Though slight, the wet splat was clearly audible on the warm front porch of the small Lamar County farmhouse. Josh Brooks rocked ever so slowly as the late evening breeze waved the long grass along the nearby fence row and ruffled his curly brown hair. He stared at his lap, breathing as if trying to save energy or control his emotions.
A Hereford on the other side of the barbed wire scratched her chin on a bodark fence post and swished her tail at a pestering cloud of late season flies. Josh’s boyhood friend Kendal stepped outside through the wooden screen door and allowed it to slam shut.
For a moment Kendal stopped, expecting a scolding for bang- ing the door. When they were children, it was almost impossible to remember to close it softly, and every kid that raced through Mrs. Brook’s living room allowed the door to slap shut about every third time.
“Sorry Miss Onie!” Kendal called through the screen to Josh’s mother.
The neat, elderly house in the small farming community of Forest Chapel belonged to Josh, who had never lived anywhere else. His dad, Oscar, had farmed the one hundred eighty acres until a heart attack felled him one soft spring morning as he fed the cows. Josh turned twenty-one a year after the funeral and married the prettiest girl in Forest Chapel, Beth Dearborn. Miss Onie Mae let them have the master bedroom, moved to the other side of the house, and they never looked back.
Sporting a burr haircut, Kendal sipped on a glass of sweet tea. Everyone said Miss Onie Mae Brooks made the best tea in the county. “You need to get that drip fixed, Josh.”
The young farmer didn’t respond as Kendal strolled across the wooden boards of the pier and beam farmhouse and settled into a mismatched rocker beside Josh. The setting sun cast long autumn shadows across the yard, bathing it and the pasture in a warm glow.
A tinny radio in the background played a Chuck Berry song. “You know, Josh, it’s been good to see you again after all these years. Remember how it was here in the evenings when we were kids? I really enjoyed those summer nights; catching lightning bugs in jars and playing chase.”
Kendal sighed, enjoying the tinkle of ice against the glass that once held store-bought jelly. “Most of the time anyway. When Randal Wicker and Merle Clark played with us it kinda irritated me. Seems like with the four of us, I was always low man on the totem pole. You think it was because I was different? I suppose it’s the nature of kids to gang up on one for some reason. Anyway, it don’t matter none anymore, does it?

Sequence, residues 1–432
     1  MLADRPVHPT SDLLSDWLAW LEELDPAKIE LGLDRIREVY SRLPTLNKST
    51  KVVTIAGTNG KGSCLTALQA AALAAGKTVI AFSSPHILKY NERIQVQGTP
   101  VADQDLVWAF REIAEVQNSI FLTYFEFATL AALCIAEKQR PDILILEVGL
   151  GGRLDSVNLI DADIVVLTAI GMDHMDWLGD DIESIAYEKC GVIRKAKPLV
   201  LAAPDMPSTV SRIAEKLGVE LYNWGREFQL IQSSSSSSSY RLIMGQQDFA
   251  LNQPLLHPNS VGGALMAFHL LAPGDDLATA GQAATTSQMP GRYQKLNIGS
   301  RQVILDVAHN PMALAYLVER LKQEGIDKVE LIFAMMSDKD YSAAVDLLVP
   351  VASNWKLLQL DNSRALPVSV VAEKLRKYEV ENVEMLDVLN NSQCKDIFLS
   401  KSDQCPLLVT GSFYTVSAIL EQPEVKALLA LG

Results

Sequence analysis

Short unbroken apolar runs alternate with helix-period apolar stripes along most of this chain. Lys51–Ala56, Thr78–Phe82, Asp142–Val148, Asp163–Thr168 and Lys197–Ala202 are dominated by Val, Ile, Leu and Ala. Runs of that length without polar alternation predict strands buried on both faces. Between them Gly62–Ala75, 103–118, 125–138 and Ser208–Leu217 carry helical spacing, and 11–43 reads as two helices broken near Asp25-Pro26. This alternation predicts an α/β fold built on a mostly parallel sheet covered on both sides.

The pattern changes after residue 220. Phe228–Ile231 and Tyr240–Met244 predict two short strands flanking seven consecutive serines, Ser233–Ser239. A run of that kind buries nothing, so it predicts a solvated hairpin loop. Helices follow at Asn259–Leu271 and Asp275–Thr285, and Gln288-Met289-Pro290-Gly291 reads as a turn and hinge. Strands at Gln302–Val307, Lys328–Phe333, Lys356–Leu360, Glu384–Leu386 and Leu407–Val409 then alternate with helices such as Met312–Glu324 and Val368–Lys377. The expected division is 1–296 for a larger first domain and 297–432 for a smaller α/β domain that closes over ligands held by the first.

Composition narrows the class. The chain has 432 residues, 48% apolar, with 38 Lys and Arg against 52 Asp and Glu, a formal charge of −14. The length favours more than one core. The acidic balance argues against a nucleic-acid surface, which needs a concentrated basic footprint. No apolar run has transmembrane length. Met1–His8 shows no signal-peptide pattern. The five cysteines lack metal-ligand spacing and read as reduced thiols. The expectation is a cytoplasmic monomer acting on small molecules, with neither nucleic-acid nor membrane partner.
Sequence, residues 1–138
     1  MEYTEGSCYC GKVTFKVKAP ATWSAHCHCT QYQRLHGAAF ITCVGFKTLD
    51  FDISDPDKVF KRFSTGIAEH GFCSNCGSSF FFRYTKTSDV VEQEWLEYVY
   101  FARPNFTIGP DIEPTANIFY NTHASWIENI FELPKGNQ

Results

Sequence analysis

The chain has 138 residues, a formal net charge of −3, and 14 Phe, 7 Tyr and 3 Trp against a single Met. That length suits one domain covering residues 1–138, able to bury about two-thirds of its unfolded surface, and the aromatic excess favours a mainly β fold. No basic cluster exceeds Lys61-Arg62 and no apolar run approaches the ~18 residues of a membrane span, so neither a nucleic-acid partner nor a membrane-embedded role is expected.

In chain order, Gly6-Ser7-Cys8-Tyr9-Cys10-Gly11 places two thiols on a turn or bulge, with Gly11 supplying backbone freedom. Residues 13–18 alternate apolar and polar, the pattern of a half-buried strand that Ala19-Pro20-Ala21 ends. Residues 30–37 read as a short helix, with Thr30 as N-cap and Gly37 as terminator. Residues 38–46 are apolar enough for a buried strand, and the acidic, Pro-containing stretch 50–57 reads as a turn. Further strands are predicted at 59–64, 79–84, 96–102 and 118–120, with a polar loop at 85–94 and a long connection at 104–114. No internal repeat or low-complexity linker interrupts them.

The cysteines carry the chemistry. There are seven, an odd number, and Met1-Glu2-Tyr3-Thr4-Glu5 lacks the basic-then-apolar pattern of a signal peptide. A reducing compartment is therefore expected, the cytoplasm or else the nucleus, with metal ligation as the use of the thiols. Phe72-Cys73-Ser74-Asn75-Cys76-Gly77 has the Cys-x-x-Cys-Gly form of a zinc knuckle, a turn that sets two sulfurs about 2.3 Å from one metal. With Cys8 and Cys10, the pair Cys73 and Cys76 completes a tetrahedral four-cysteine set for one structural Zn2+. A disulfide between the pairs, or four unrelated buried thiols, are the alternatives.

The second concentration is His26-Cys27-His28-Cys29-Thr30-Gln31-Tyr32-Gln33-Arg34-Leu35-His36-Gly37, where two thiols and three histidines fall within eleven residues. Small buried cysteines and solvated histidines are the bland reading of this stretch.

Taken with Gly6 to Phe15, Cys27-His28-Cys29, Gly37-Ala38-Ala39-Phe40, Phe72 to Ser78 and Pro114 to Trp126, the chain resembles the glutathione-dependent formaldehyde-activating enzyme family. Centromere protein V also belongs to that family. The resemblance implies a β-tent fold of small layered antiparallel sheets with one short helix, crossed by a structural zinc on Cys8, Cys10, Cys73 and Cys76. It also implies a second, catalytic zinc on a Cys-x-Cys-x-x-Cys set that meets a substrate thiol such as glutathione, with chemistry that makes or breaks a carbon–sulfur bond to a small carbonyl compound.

“I thought about those days when I was in the hospital. There was nothing else to do all those years except lay there and think, or listen to the radio. Most of the time I wished I was back here with you, being a kid again.”
Kendal rocked and grinned at a sudden memory. “You know, Randal really wasn’t as good a friend as you were. I guess he and Merle were more like a team, like you and me should have been. That came to mind the other day, too. The radio was on when I was coming down here from Nebraska and I found a station playing that new song ‘And I Love Her’ by the Beatles. That’s when a memory clicked and it was the four of us playing ball out here in the grass, but we weren’t listening to them long hairs back then, were we?
“But anyway, it was that song, this time of the year, and the weather that made me think to myself ‘You need to stop by and see them boys because it’s been a long, long time since y’all last visited.’ So here I am.
“You remember that day Merle got an extension cord and brought the Philco outside and put it right there by Miss Onie Mae’s peonies and turned it up loud while we played baseball?” The pleasant demeanor crumbled for a moment, and Kendal chuckled. “I’ve always thought Randal was kinda jealous of me, especially because I got a new glove for Christmas that year.”
Hey sissy, are you stupid or what? Is somethin’ wrong with you?
C’mon and catch the ball ya moron! Don’t be afraid of it!
“You remember that? I loved the smell of a new ball glove fresh out of the box. I don’t even think girls ever smelled so good, except for Beth that is.